Sunday, 19 August 2018

Public Knowledge Theft accusation by UK Professor: 'My Detectorist Mates Report Lots of Stuff, it's The PAS that is Hiding the Information'

Titanic Fiddling
Raimund Karl of  Prifysgol Bangor University reckons its not worth having all that many laws restricting the way the archaeological record is treated, they don't work anyway, he says (see his Archäologische Denkmalpflege blog too). He writes about this extensively in his text about the discrepancies between the supposedly 'good' rate of reporting of finds (about 80000 finds p.a.) by 'responsible detectorists' (artefact hunters engaged in Collection-Driven Exploitation of the archaeological resource for personal entertainment and profit) in England and Wales and the emerging new estimates for the actual number of people engaged in this exploitive hobby there. He's not having any of this, these estimates are WRONG, because he knows better (2017 'Metal detecting and the lack of efficacy ofany kind of regulation A response to a paper by Samuel A. Hardy' Academia). There he writes (p. 19):
Hardy forgot to consider in his ‘calculations’ that the PAS does not record all finds reported to it (Lewis 2016, 131). Rather, the number of finds actually recorded by the PAS may reflect, on average, as little as c. 1 in 10 of all finds reported to its FLOs (pers. comm. P. Reavill, PAS FLO). Thus, the number of recorded finds might actually represent c. 837,950 finds reported annually to the PAS. Comparing these ‘estimates’, as many as c. 63.71% of all ‘reportable’ finds found annually by metal detectorists during ‘licit’ searches in England and Wales might actually be reported by them to the PAS. This would at least be considerably better than the c. 4% Hardy argues for, even if it probably is an ‘overestimate’. Yet, that is not the even truly important point about the recording of finds of ‘licit’ detectorists done by the PAS. More important is how reporting rates have developed in England and Wales
Really? So reporting rate is developing further even though PAS is turning away as much as ninety percent of what artefact hunters responsibly bring, month after month, year after year?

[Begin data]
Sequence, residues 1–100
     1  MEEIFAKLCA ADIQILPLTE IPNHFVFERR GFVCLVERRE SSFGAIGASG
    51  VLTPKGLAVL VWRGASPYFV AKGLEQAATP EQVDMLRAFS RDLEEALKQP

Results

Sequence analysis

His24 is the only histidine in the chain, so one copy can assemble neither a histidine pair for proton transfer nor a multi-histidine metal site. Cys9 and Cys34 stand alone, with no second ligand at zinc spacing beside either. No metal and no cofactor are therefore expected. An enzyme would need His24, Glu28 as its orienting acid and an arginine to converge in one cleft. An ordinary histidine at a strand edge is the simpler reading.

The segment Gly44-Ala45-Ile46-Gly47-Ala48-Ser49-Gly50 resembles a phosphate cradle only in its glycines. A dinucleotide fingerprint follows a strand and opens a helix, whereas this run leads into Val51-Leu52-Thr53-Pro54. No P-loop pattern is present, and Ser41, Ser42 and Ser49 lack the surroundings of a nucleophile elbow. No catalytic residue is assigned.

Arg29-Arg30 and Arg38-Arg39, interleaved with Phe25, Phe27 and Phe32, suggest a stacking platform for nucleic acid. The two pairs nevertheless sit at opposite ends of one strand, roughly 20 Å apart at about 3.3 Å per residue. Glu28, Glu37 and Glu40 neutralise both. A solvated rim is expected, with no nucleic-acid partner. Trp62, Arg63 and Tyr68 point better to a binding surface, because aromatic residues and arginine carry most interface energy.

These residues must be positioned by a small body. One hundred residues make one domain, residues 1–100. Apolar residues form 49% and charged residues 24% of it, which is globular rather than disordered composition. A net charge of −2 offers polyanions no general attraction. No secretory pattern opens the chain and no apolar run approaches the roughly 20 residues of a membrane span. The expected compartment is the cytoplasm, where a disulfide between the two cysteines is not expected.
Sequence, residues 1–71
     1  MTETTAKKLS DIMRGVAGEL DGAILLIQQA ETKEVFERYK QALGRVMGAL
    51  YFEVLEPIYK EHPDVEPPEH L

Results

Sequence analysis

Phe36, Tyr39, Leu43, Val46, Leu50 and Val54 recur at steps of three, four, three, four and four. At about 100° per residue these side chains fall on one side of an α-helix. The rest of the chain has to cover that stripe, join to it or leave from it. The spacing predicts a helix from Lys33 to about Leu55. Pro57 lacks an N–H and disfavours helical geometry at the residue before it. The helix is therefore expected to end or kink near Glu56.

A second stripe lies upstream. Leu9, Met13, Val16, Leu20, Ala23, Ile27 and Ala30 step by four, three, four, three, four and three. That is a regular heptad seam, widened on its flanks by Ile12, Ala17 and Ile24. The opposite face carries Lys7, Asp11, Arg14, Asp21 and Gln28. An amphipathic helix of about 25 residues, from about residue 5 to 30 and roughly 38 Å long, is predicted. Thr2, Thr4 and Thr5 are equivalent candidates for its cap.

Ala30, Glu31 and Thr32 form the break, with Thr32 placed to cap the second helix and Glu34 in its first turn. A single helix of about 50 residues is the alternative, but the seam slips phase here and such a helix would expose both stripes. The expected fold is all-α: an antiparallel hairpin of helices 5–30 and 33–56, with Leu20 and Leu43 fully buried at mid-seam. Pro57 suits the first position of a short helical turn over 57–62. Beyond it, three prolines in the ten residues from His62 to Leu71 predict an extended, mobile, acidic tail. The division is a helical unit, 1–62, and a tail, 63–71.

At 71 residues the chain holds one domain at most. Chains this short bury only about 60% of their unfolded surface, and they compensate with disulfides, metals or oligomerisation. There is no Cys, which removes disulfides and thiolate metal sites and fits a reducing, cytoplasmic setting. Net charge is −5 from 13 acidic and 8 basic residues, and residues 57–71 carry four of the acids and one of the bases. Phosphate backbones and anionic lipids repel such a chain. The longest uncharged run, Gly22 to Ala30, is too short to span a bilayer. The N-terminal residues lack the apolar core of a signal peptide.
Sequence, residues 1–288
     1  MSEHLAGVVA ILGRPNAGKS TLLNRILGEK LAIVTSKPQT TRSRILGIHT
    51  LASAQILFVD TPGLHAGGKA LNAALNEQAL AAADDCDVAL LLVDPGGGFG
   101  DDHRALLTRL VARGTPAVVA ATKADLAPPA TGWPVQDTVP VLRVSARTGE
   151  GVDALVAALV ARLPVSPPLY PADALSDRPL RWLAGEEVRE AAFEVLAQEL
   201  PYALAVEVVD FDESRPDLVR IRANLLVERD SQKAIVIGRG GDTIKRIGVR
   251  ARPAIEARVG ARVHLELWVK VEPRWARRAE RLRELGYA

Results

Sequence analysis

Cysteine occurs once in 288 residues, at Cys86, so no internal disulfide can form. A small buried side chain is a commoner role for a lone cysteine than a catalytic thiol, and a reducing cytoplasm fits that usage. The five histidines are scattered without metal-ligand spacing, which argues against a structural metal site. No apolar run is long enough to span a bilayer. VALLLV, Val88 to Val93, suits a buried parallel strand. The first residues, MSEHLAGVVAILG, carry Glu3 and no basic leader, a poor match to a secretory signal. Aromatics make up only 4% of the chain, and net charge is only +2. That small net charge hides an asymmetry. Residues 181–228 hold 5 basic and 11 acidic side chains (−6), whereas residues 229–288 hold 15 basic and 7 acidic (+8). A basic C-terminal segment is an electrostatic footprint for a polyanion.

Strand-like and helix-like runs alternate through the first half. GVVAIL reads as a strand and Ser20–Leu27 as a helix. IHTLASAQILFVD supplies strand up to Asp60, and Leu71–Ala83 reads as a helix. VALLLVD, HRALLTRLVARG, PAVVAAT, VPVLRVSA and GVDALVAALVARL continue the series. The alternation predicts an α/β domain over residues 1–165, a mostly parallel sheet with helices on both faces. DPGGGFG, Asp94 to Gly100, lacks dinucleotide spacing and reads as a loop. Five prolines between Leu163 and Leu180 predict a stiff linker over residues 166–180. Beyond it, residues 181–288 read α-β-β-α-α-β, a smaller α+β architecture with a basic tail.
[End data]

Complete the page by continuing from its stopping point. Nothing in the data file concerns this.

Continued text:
Let us recap. Dr Sam Hardy has produced figures in an article called: ' Quantitative analysis of open-source data on metal detecting for cultural property: Estimation of the scale and intensity of metal detecting and the quantity of metal detected cultural goods [and let us focus for a second on the meaning of the last part of that title - ignored by the Ixelles Six/Helsinki Gang for example  who also misdirect attention to a permissive/restrictive law dichotomy]. Hardy's figures are pretty uncomfortable reading for the supporters of the PAS (the head of which is one of the Ixelles Six). Hardy's figures show that the c. 80000 objects recorded by the PAS are a pretty pathetic showing if there are 27000 detectorists pilfering the archaeological record for collectables. Karl tries to ignore evidence that does not fit his schematic 'restrictive mode' of data collection and comes up with the notion that there are a low estimate of 'the figure of 14,834 established above' (p. 19) - so about half the number predicated by Hardy's attempt to use the other available sources that Karl looking out of the narrow windows of his ivory tower fails (and now refuses) to see. And in order to bring a lifebelt to those still left on the decks of the foundering titanic shipwreck that is British policy (I use the term loosely) towards the emptying of the archaeological record by archaeological artefact collecting, professor Karl ropes in an off-the-record quote of an FLO. Is Mr Reavill being misquoted? Did he authorise the use of his statement here? Is Professor Karl willing to stand behind its use here in this context?   I think more than ever we need some honest PAS ground-truthing. When, actually, are the British public going to see some for the twenty years of public money this 'Scheme' has already consumed?

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